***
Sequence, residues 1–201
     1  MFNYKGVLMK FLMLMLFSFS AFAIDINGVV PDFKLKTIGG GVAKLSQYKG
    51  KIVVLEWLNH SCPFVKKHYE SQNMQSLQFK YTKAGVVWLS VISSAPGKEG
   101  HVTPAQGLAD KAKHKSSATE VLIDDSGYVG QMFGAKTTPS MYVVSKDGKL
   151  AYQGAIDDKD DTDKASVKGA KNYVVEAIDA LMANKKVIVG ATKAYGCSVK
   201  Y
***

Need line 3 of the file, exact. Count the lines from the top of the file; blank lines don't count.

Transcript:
    51  KIVVLEWLNH SCPFVKKHYE SQNMQSLQFK YTKAGVVWLS VISSAPGKEG